The first couple of levels were moderately-sized, going into the 20s on both axes. Combats were infrequent–maybe 15 enemies total on the two levels–and there were really only two types of enemies: giant worms, and giant worms capable of casting some kind of “Magic Missile”-like spell. Many of the classic Dungeon Master tricks work here, including attacking and then darting away before the enemy can respond, backpedaling down a corridor as you fire missile weapons, “waltzing,” and so forth. The famous “combat waltz” itself (check the glossary) seems a little harder here, it might just be a matter of getting used to a new game’s timing. Crypt keeps one annoying characteristic of Eye of the Beholder in which once an enemy casts a spell, you’re frozen until the animation completes.
|The animation for the worms has them opening and closing their mouths. I only ever got screenshots when their maws were closed.|
What you can’t do–and this was a serious shock–is smash enemies in doors. That’s such a longstanding trait of Dungeon Master-style games that not including it borders on sacrilegious. I’m not sure if enemies can fall victim to other environmental effects or not. I haven’t encountered any others yet.
Killing enemies rewards you with traditional experience points, and levels increase automatically. I got to Level 4 on the first two levels. Leveling increases hit points and spell power, but otherwise there aren’t any choices. Attributes are increased by occasionally finding items that do so.
|My druid levels up.|
Each spellcaster comes with Level 1 spells for their classes. Further levels must be found in spellbooks; you don’t get them upon leveling up. There are only 5 levels and only 4 spells per level. You can “prepare” up to four spells and then cast them by clicking on them in the slate. I find the system a bit easier than both Dungeon Master, where you had to remember runes in the middle of combat, and Eye of the Beholder, where you had to fiddle around with that little book. You also frequently find scrolls with multiple spells that can be cast in lieu of learning them.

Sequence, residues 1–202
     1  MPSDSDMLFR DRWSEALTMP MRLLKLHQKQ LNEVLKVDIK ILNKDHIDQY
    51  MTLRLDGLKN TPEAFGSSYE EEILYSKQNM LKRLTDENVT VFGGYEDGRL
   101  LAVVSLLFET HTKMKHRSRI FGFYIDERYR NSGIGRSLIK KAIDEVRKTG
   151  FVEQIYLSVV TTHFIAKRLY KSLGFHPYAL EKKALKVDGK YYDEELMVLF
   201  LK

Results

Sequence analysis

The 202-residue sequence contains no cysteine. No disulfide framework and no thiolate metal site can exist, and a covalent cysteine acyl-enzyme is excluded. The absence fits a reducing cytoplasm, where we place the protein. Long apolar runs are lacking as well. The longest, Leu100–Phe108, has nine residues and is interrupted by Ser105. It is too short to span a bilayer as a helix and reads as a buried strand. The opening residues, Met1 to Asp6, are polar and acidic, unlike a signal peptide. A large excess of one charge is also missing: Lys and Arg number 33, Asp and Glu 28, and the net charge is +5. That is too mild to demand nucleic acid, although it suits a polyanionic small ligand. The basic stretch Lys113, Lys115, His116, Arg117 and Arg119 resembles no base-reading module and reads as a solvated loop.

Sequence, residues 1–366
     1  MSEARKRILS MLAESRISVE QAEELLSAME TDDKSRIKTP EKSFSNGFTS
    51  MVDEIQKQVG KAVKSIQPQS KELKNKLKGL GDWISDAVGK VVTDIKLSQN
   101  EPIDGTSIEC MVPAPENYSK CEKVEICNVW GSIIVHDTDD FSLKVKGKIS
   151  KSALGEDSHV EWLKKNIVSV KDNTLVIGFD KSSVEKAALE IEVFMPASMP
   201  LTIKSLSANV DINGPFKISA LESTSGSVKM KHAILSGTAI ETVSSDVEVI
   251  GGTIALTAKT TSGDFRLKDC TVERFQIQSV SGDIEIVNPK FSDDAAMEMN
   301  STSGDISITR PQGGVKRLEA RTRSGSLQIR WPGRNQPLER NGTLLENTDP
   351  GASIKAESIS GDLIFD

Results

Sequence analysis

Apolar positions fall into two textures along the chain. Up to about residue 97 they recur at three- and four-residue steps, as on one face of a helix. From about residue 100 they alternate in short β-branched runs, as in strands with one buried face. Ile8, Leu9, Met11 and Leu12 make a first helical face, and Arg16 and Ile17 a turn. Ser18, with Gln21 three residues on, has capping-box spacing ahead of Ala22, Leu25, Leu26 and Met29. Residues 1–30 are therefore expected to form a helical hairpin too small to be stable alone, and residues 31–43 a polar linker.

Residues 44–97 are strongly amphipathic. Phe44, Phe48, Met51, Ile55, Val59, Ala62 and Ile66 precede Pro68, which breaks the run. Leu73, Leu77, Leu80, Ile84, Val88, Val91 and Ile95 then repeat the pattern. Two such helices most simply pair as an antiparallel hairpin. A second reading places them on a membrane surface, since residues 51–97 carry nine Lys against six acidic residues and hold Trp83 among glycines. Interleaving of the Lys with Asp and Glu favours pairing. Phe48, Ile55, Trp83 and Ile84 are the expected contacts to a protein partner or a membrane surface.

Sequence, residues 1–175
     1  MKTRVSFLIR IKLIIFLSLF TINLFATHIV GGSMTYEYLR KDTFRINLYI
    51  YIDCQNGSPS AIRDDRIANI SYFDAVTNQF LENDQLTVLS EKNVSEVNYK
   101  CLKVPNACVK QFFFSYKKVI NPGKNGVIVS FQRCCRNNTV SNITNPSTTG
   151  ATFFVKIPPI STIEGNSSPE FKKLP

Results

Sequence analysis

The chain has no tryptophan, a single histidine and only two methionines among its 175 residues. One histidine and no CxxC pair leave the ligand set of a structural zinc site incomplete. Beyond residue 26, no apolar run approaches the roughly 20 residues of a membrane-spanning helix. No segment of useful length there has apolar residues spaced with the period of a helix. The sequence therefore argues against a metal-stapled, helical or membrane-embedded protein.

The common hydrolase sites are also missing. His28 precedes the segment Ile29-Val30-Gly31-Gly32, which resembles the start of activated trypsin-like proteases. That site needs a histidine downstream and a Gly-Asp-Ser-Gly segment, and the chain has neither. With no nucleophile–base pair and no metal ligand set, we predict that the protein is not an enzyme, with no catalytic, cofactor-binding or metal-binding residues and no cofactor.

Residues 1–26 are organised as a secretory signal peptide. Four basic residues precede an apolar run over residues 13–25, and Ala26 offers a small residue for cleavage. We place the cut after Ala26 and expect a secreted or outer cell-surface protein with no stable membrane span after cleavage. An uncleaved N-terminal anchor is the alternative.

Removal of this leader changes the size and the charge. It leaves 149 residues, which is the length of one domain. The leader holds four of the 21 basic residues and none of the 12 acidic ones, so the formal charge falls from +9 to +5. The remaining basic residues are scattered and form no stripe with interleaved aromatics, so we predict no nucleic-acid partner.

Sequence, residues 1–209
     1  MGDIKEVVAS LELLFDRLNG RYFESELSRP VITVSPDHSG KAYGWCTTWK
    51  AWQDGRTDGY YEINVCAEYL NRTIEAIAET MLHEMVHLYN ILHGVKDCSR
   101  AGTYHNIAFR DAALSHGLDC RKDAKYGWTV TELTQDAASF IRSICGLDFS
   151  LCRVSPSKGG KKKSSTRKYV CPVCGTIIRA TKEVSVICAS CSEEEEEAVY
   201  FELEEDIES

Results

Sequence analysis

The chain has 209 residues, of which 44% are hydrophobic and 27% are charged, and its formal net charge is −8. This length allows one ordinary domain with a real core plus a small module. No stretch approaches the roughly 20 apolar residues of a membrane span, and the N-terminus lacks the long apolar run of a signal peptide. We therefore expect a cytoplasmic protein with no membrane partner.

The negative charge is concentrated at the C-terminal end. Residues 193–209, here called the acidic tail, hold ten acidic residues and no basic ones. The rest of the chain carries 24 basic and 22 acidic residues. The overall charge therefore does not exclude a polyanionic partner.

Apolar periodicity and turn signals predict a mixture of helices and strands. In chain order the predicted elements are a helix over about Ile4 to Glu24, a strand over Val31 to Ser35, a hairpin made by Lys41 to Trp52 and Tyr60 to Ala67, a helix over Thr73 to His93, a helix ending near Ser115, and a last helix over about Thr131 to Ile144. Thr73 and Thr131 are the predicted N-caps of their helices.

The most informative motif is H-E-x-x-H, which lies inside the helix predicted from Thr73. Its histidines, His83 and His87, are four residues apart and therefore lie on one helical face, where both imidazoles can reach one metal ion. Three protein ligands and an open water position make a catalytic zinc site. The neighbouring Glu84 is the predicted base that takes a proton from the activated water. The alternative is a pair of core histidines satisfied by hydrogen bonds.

Among the first two levels, I experienced a variety of navigation puzzles and other mechanisms that I’m sure will last throughout the game. These include:
- “Alcoves” with treasure stashed in them. These go back to Dungeon Master. Items can appear on the floor, too.
|I apparently found the Ogreblade here.|
- Messages in plaques on the wall. Some can only be read after the druid casts “Read Rune.”
- Scrolls that give you hints. But some of them are “false scrolls” and should be ignored. You can reveal these by casting the cleric’s “Reveal Truth,” which causes false scrolls to dissolve.
|This turned out to be a “false” scroll, but I think I could have figured that out.|
- Locked doors that only open with certain keys.
- Pressure plates that open walls.
- Spinners. There’s an obvious “transition” animation when you step on them, though, so it’s hard to get fooled.
- Force fields that require you to cast “Dispel” to pass them. You don’t have this spell at the outset, so you have to rely on found scrolls.
- Teleporters. They also have a clear “transition” animation.
- Buttons or switches that open secret doors or make pillars disappear.
- Buttons or switches that activate teleporters
- Buttons or switches that change the destinations of teleporters.
|It’s hard to tell what this will do.|
- Holes in the floor. Falling through them takes you to a lower level and causes damage.
- One-way walls.
- “Glyphs” in the middle of corridors that serve as traps. You have to cast “Remove Trap” on them.
|Dispelling a glyph trap with a scroll.|
- Walls that open and close on a cycle.